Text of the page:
I never gave the “summer slide” much thought until I became a parent. It’s one of those new buzz word phrases that has become more popular over the past few years. When I was growing up, I don’t recall much learning taking place – we simply had fun playing outside with our friends. Since we couldn’t afford to go to summer camp or take elaborate family trips to Europe or elsewhere, we just used our imagination and spent our summers playing things like dodgeball, double dutch and kick the can sometimes until the wee hours of the night. Those were the days! Now looking back, I’m sure we definitely rode the “summer slide” just about every summer. Yet, it didn’t prevent me from excelling in school, making the honor roll every year and graduating second in my class from high school. Yes, I’m tooting my own horn!
Ok, back to the topic at hand – the summer slide. What is it? The summer slide is a decline in reading ability and other academic skills that can occur over the summer months when school isn’t in session. Numerous studies show that kids who don’t read during summer vacation actually slip in reading ability by the time fall rolls around.
But as parents, we don’t need studies to tell us this, do we? It’s evident in all sorts of situations. For example, if your child plays the piano but stops practicing for three months, he/she isn’t going to be as good as his/her friend who continued to practice and play the piano over the summer, right?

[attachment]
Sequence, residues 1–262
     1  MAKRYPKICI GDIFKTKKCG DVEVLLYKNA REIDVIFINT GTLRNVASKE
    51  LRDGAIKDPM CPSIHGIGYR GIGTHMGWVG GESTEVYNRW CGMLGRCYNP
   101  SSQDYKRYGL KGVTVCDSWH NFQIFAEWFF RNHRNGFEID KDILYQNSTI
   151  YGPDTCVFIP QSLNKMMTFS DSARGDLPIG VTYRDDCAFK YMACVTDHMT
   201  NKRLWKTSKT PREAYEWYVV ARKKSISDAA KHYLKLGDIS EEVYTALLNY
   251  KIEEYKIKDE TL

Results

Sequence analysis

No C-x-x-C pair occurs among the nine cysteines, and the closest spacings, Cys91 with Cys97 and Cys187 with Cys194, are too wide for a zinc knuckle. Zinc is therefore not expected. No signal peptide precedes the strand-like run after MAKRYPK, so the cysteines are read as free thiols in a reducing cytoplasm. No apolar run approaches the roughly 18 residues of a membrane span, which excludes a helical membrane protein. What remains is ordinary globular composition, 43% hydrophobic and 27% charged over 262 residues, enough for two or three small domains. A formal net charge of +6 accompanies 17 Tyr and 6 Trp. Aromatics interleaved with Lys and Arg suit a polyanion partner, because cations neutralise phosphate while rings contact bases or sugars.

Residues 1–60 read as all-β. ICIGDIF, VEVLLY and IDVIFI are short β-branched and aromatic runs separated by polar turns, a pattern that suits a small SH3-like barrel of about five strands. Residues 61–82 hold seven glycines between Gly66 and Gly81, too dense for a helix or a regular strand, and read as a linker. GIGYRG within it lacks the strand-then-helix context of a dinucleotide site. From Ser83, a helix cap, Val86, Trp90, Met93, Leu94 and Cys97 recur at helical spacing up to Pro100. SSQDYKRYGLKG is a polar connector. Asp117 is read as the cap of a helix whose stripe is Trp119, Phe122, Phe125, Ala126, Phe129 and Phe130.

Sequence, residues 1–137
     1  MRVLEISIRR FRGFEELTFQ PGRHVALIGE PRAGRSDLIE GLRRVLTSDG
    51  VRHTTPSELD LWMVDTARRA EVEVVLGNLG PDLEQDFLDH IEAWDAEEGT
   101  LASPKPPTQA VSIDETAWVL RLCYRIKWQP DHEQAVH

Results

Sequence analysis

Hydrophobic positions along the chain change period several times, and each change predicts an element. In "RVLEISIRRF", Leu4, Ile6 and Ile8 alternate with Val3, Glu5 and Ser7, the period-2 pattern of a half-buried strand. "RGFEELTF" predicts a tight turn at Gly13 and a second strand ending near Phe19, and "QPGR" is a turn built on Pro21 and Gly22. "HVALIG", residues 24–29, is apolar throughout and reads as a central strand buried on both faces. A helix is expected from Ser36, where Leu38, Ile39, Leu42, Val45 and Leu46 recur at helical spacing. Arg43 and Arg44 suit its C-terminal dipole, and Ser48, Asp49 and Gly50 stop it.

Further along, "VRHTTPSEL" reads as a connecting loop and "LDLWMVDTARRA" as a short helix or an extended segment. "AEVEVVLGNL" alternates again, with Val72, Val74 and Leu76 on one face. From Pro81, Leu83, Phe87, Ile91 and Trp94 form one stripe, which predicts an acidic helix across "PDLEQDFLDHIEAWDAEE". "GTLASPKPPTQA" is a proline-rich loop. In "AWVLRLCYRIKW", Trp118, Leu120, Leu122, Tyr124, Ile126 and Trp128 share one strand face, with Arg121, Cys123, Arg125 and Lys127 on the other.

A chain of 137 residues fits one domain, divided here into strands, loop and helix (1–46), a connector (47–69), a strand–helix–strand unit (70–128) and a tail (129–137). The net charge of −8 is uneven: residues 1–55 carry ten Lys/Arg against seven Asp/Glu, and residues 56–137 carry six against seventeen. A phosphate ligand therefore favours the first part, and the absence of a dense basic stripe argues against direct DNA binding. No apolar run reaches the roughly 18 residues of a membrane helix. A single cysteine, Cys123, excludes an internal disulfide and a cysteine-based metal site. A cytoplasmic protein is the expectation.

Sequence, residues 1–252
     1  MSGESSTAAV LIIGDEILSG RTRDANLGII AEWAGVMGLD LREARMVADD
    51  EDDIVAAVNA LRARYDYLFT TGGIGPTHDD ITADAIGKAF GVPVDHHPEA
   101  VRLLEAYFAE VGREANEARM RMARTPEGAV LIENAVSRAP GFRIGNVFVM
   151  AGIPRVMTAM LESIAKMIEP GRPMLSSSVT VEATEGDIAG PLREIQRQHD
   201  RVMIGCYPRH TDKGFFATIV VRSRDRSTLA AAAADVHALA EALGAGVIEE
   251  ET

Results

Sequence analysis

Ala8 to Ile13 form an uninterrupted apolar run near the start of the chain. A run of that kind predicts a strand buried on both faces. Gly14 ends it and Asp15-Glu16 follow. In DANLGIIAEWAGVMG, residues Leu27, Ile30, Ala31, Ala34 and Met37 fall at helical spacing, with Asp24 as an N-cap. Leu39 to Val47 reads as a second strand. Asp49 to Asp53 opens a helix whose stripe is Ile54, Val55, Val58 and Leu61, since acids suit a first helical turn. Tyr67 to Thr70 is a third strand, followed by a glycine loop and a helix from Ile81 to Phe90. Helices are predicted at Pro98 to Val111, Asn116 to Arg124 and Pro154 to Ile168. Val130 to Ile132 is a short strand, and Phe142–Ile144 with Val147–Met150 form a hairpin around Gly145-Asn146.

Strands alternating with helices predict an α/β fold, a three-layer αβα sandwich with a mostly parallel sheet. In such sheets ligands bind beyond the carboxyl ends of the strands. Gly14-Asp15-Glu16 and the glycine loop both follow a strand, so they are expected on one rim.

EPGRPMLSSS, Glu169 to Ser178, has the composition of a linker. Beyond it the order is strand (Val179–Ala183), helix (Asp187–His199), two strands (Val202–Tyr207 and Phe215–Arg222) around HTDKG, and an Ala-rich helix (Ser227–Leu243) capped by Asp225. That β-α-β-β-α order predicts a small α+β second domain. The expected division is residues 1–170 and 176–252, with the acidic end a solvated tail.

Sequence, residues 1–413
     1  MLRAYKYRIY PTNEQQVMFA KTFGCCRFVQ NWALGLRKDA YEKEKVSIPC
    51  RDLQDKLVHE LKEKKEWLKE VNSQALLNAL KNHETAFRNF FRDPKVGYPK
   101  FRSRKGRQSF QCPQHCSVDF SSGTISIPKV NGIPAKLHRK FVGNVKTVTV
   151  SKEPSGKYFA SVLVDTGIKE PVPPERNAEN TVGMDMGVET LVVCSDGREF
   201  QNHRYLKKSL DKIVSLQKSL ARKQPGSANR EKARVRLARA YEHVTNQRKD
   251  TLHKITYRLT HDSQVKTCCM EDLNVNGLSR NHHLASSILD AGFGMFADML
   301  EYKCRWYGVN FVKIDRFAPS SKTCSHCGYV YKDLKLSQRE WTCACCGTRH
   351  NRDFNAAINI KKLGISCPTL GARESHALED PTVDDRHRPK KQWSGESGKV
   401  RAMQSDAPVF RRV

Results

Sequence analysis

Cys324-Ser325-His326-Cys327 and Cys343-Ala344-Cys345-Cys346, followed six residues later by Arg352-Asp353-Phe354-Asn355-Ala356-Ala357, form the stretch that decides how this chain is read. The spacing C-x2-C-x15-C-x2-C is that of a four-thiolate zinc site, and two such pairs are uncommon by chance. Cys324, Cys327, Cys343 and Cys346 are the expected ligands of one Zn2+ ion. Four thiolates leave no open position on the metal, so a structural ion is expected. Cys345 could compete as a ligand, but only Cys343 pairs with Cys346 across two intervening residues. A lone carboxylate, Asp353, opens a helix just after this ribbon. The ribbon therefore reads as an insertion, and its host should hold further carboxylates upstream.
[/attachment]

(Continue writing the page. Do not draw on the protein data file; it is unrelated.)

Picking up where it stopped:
The secret to preventing the summer slide is to keep learning all summer long. Now, don’t panic: I’m not talking about year-round schooling, although for some homeschool families, year-round schooling may be a good solution. What I am talking about is providing learning opportunities throughout the summer that keep kids’ academic skills sharp.
I’m not usually a big fan of workbooks, flash cards or activity books. However, on my quest for different resources to use with my kids over the summer break I stumbled upon this series of activity books called Summer Bridge Activities. Have you heard of these gems before?
With daily, 15-20 minute exercises kids can learn a variety of different skills ranging from letters to fractions and everything in between. This workbook series prevents summer learning loss and paves the way to a successful new school year. And this is no average workbook—Summer Bridge Activities keeps the fun and the sun in summer break!
Designed to prevent a summer learning gap and keep kids mentally and physically active, the hands-on exercises can be done anywhere. These standards-based activities help kids set goals, develop character, practice fitness, and explore the outdoors. With 12 weeks of creative learning, Summer Bridge Activities keeps skills sharp all summer long!
After researching these books, using them with my own kids and reading the rave reviews they’ve received online I was completely sold! I ordered the Summer Bridge Activities Grades PK – K book and we’ve been working through it in just 15 – 20 minutes each day – it’s great! These workbooks aren’t too easy either – they incorporate some challenges too which is exactly what I was looking for. The book we purchased covers topics like: patterns, shapes, colors, numbers, phonics, writing and letters.